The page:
Becoming my Dad

You’ll be hard pressed to find a teenager who wants to become like his parents.

I wasn’t any different.

While my parents most lovely attributes glowed in my eyes as a kid, adolescence brought their most unfortunate struggles into focus.

So I’d swear up-and-down that I’d never be that way. (just as any self-respecting teenager would).

Now that I’m twice my age and have been a parent for eight years (or 20 collective years), I’m understanding my parents more.

I see both their strengths and their flaws in myself.

I’m learning that I can’t excuse their sins toward me or mine toward my kids, but I am identifying more with them daily.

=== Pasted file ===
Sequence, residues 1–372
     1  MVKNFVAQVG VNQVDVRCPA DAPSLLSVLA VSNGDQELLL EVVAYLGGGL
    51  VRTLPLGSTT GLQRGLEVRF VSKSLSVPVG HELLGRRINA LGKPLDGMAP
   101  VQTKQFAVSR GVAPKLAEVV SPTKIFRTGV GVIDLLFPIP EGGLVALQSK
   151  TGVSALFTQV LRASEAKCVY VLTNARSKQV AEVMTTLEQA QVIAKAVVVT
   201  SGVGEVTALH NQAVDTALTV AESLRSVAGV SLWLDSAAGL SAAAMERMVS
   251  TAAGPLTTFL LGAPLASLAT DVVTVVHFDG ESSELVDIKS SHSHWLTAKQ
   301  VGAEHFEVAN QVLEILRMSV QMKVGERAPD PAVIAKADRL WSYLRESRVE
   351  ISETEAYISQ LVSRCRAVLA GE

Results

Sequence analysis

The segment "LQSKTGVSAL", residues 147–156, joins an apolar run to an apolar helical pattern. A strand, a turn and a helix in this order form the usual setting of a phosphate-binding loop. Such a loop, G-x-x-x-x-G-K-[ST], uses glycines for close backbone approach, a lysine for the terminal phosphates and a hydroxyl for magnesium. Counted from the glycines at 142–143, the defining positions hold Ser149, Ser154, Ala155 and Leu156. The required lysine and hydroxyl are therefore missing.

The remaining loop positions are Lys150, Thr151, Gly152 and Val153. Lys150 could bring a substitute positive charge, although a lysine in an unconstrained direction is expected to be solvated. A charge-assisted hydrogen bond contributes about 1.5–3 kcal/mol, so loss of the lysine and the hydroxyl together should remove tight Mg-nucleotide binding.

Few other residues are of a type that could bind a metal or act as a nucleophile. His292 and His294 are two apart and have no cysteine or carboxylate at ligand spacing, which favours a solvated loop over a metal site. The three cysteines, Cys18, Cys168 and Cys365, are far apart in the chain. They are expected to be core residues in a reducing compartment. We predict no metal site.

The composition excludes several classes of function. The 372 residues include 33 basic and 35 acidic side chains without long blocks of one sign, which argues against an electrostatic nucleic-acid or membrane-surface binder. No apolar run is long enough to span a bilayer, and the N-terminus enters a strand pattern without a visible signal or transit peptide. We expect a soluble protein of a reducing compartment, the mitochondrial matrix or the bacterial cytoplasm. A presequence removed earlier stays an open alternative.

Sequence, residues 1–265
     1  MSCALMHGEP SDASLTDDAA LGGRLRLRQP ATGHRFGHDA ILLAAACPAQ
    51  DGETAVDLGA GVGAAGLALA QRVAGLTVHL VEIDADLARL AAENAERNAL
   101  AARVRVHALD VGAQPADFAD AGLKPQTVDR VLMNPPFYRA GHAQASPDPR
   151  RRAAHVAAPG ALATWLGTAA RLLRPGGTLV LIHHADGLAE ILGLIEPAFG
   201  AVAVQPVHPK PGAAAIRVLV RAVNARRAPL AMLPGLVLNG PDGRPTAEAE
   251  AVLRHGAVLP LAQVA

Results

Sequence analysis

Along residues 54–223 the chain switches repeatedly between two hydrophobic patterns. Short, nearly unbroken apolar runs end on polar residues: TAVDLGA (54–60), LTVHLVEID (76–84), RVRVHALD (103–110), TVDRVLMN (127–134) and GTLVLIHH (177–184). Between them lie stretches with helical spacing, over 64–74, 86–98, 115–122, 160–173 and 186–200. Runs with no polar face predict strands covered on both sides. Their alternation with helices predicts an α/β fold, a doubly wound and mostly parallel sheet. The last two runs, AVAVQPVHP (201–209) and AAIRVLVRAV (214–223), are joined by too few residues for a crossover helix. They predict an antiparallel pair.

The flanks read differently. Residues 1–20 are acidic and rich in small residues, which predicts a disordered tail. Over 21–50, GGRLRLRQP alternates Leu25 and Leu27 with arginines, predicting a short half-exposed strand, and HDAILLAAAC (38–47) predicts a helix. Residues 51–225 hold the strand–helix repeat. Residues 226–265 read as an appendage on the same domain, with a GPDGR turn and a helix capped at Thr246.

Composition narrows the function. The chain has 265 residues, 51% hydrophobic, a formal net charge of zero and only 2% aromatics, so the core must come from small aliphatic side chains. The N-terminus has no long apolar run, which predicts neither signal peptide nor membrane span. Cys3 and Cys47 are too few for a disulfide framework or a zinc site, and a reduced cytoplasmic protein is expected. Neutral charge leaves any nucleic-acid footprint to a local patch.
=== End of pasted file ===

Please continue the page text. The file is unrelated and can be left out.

and that allows me to engage the process of forgiveness…

I wasn’t battered or abused or abandoned or ignored.

I was held and loved and accepted and challenged.

Remembering those things makes the process pretty easy.

I still hope to avoid as many of those errors as I can… I think that’s part of the wonder of family and generations.

To learn from the good and the bad.

I know that I won’t avoid them all (and I’m certain to make new mistakes of my own), and that has made me more sensitive to my parenting.

Because even though I can’t be holy and righteous as a parent all the time, I can recognize my failures quickly and humbly seek my kids’ forgiveness.

and try not to make the same mistakes over and over.

and be honest, brutally honest.

So that’s what I do.

Dedicated to Rick and Jackie. Happy Father’s day 2010, Dad.